National Plant Monitoring Scheme training days in Scotland by Jill Williams

We're back in the office after our 2017 series of training days in Scotland for the National Plant Monitoring Scheme (NPMS), held in Dumfriesshire, Perthshire and the Cairngorms.

Here is a flavour of what was involved at the training days this year...

The morning session at each training day includes the background to the NPMS survey and what is involved in taking part. In small groups we look at example survey maps, to see how to find out what habitats are present, and how to choose where to locate small plots in which to record the NPMS wild flowers.

After a sandwich lunch, we head outdoors to put the morning workshop session into practice, setting out plots in different habitats using “high-tech” equipment - bamboo canes and white cord (and of course map and compass).

Here, volunteers set up a survey plot in damp meadow at the Hill & Mountain Research Centre at Kirkton near Crianlarich.

Once the plot has been laid out (usually a 5 metres square), those wildflowers in the survey list are identified and noted down on the recording form, together with other features of the plot (such as whether it is level or sloping, and any evidence of grazing). You don’t have to record every plant that is present - the wildflowers in the survey list are chosen to be easy to identify, as well as being characteristic of each habitat, so that they build up a picture of the health of that habitat.

It was great to be back at Kindrogan Field Studies centre for one of our workshops – originally a country house and estate, it has been running field courses since the 1960s. The dry grassland here (just where the Cateran Trail runs across the Kindrogan grounds) had a lovely range of wild flowers to record. The taller clumps of white flowers are spignel – not a flower that is widespread enough across the UK to be included in the NPMS survey list, but nice to see it growing in abundance here.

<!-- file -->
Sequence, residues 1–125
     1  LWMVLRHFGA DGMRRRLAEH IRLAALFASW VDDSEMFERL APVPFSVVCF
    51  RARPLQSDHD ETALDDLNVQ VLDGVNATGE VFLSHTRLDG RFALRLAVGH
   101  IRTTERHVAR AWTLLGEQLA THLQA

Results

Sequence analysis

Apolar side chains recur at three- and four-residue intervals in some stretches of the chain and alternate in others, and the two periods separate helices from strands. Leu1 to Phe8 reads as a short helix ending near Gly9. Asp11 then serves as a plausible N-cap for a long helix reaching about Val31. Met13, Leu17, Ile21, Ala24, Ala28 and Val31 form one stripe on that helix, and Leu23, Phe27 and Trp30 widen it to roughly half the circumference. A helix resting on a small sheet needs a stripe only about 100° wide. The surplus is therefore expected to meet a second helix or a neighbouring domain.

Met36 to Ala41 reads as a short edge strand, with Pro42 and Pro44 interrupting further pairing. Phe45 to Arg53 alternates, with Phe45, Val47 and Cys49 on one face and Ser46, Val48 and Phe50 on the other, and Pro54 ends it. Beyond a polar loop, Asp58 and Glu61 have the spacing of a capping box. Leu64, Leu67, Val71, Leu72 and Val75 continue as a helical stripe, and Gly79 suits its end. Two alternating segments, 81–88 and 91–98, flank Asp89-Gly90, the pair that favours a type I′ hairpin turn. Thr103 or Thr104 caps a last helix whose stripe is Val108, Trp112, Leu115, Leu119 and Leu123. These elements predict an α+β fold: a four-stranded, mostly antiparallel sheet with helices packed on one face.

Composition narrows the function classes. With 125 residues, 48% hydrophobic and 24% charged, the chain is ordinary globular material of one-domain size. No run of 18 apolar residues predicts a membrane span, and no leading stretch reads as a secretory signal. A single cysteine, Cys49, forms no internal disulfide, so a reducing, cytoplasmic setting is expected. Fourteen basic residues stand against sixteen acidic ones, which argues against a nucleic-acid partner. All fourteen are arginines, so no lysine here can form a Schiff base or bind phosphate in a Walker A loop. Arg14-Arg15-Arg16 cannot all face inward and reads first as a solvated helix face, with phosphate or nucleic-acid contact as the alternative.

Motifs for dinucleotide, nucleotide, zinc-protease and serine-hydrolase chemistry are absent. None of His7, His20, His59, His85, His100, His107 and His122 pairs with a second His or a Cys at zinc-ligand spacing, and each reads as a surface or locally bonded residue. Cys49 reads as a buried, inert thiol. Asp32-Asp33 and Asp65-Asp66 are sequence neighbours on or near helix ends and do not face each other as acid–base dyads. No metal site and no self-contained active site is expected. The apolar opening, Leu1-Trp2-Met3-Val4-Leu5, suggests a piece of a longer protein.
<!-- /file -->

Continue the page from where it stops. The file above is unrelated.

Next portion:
Setting out plots in heather moorland on the Tulloch Moor reserve near Nethy Bridge in the Cairngorms – the range of heathland plants could be compared with those growing in the nearby juniper scrub, a very special habitat.

Our latest recruit Bob at Kindrogan, a very patient and slightly damp dog!

You can still sign up for the survey even if you didn’t manage to get along to one of the training days this year – training courses are not essential, and we provide comprehensive information in the survey packs and also on the survey website; in addition support is available by email/phone for any specific queries.

There is still plenty of time to get involved this summer – you can get out for one survey visit in later summer this year, then do an early summer survey visit as well in following years. Or just get out this year and have a look at your survey area, so that you are ready to get started next year.

Many thanks to all our partner organisations who have supported the NPMS workshops in Scotland this year, financially and in other ways: Cairngorms National Park Authority; Field Studies Council’s Tomorrow’s Biodiversity project; Buccleuch Estates; RSPB; and the Hill and Mountain Research Centre, Kirkton.

The National Plant Monitoring Scheme is organised and funded by the Botanical Society of Britain and Ireland, the Centre for Ecology and Hydrology, the Joint Nature Conservation Commitee, and Plantlife.


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